Details on excretion:
Equally to the blood analysis, also in the urine samples of all volunteers drawn prior to TEHTM exposure, none of the analytes were detectable (< LOD). After exposure, however, the monoester isomers 1-MEHTM, 2-MEHTM, and 4-MEHTM, as well as several secondary oxidation products were identified in the urine samples of all volunteers with peak concentrations between 6 and 11 h postexposure, respectively. Then, a distinct decrease of the mean concentration levels of these metabolites was observed. Finally, 72 h post exposure, the levels of all analytes were below the limit of detection, with the exception of 2-MEHTM, 5cx-1-MEPTM, and 5OH-2-MEHTM that were still quantifiable in urine, with mean levels of 5.1 ± 1.3, 1.7 ± 0.6, and 1.6 ± 1.3 µg/h, respectively. Interestingly, none of the diester metabolites 1,2-DEHTM, 1,4DEHTM, and 2,4-DEHTM were found in any of the urine samples (< LOD). This may be explained by their rapid degradation to MEHTM and further metabolites. Furthermore, it has to be considered that a renal excretion of DEHTM is indeed rather unlikely due the high molecular weight of the DEHTM isomers and their elevated lipophilicity.

Renal excretion kinetics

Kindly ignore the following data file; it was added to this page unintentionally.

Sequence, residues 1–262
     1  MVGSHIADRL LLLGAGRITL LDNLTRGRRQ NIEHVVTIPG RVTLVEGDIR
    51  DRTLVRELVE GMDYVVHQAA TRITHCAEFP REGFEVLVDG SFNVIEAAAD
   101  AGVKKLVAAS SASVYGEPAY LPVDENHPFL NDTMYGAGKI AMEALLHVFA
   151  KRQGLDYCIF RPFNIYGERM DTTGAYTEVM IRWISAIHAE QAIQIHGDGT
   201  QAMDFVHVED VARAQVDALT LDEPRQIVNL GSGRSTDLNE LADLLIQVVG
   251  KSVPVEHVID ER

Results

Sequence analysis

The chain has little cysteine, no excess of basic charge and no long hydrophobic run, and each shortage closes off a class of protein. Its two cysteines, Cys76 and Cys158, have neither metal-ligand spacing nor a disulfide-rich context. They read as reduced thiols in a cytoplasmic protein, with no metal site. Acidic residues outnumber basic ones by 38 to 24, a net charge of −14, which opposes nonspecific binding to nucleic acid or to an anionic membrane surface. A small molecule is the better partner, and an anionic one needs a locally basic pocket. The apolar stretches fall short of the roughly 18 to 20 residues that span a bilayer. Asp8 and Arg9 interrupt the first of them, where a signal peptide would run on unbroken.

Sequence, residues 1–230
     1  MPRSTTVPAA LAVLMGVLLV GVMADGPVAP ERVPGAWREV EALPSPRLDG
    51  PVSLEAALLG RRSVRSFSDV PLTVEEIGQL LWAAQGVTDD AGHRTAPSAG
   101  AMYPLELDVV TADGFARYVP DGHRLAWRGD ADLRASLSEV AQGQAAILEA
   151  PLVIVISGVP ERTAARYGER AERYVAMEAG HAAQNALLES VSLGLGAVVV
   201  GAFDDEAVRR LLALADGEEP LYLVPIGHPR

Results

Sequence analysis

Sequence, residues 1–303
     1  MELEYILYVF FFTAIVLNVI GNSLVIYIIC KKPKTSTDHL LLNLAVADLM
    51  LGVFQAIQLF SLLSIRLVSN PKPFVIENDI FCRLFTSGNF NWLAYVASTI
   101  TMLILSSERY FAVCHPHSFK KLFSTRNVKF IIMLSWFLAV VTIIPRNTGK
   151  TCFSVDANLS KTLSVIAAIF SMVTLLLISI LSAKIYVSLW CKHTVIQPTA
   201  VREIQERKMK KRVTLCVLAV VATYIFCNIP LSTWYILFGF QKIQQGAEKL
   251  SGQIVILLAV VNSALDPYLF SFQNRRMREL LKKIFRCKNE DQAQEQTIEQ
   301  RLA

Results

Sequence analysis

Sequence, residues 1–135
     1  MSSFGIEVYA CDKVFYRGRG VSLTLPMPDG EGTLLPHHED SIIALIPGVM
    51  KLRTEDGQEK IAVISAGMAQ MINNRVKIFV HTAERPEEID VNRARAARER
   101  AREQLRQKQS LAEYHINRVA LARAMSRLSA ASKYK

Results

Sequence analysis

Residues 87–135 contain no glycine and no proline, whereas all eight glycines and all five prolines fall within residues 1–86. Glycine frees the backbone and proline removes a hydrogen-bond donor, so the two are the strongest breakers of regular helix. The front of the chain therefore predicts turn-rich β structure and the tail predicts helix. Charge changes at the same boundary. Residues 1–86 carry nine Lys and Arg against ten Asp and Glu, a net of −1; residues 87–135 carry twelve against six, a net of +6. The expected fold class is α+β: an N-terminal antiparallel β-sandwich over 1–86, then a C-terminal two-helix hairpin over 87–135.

The monoesters 1-MEHTM, 2-MEHTM, and 4-MEHTM showed maximum urinary levels at 7 h after TEHTM exposure, which is 2 h later than the tmax of 1-MEHTM and 2-MEHTM in blood. The mean urinary concentration levels at that time were 15 ± 3.7, 115 ± 56, and 1.6 ± 0.7 µg/h, respectively. Thus, by analogy to the blood samples, 2-MEHTM was found in the urine samples in distinctly higher levels than 1-MEHTM. These findings demonstrate again the distinct regioselective formation of the TEHTM monoesters, particularly with regard to the isomer 4-MEHTM, that was found in the urine samples of all volunteers at a very low excretion rate and at a total amount of < 0.1%, related to the oral dose of TEHTM. As a consequence, no oxidative metabolites of 4-MEHTM were investigated in this study. Nevertheless, all chromatograms were analyzed for unidentified peaks showing the respective mass fragments of potential secondary metabolites of 4-MEHTM. However, no significant unidentified peaks were observed, so that the formation and urinary excretion of oxidative metabolites of 4-MEHTM after oral TEHTM exposure may be regarded as rather unlikely. The urinary concentration levels of the secondary metabolites showed a similar course of excretion in time, compared to the monoesters 1-MEHTM and 2-MEHTM, with maximum levels between 6 and 7 h, with the exception of 5cx-2-MEPTM, 2cx-1-MMPTM and 2cx-2-MMPTM that showed delayed urinary maximum levels at 11 h after exposure. In fact, biphasic elimination kinetics was observed for all urinary metabolites. In general, for the first and the second elimination phases, elimination half-lives between 4 and 6 h, and between 10 and 33 h, were calculated for almost all analytes, respectively. The metabolite 2cx-2-MMPTM was found in urine in very low levels, so that no mean urinary excretion curve could be reliably assessed, and hence, no elimination half-life was calculated. For 5cx-2-MEPTM and 2cx1-MMPTM, the urinary excretion rate was also rather low, so that only one elimination half-life (t1/2 = 17 and 15 h, respectively) could be reliably assessed for these metabolites, probably reflecting combined elimination halflives of phase 1 and phase 2. The urinary level of 4-MEHTM was already found to be below the limit of detection 24 h after TEHTM ingestion, so that only the elimination half-life of phase 1 could be assessed (t1/2 = 5 h). With regard to the secondary metabolites of TEHTM, differences with respect to the extent of oxidation were observed: 2-MEHTM was mainly excreted unchanged in urine, while the secondary oxidative metabolites of 1-MEHTM (namely 5cx-1-MEPTM and 5OH-1-MEHTM) showed distinctly elevated excretion rates. All in all, the main urinary metabolite was 2-MEHTM followed by two secondary metabolites of 1-MEHTM (5cx-1-MEPTM and 5OH-1-MEHTM). Only then a secondary metabolite of 2-MEHTM (5OH-2-MEHTM) and 1-MEHTM itself follows. The slower elimination kinetics of the secondary metabolites of 2-MEHTM compared to the oxidation products of 1-MEHTM are also reflected by the respective elimination half-lives. The monoester 1-MEHTM is evidently rapidly metabolized to its oxidative metabolites, causing relatively short elimination half-lives of 1-MEHTM, as well as of its consecutive hydroxy- and oxo-metabolites. 2-MEHTM, by contrast, is apparently slower processed to oxidative metabolites, illustrated by elevated elimination half-lives of 2-MEHTM and its metabolites. The slower excretion rate of the oxidized 2-MEHTM metabolites might be caused by the slower oxidation of 2-MEHTM itself, and is probably due to sterical reasons. This also explains the fact that 2-MEHTM was still detectable in blood and urine even 48 h and 72 h after exposure, respectively. Moreover, this is in accordance with the observed different elimination halflives of 1-MEHTM (t1/2 = 5.8 h) and 2-MEHTM (t1/2 = 14 h) in blood (Table 1). Furthermore, the total excretion rate of the metabolites in urine was analyzed. For that purpose, the total cumulative amount of excreted metabolites (expressed in µmol) as a function of time after TEHTM exposure. The urinary excretion of several TEHTM metabolites, namely 2-MEHTM, 5cx-1-MEPTM, and 5OH-2-MEHTM is apparently not yet complete, even 72 h after exposure, since their cumulative courses show a steady increase over time. By comparison, the cumulative excretion rate of 1-MEHTM already reaches a plateau, approximately 50 h after TEHTM exposure, indicating a rather complete elimination process.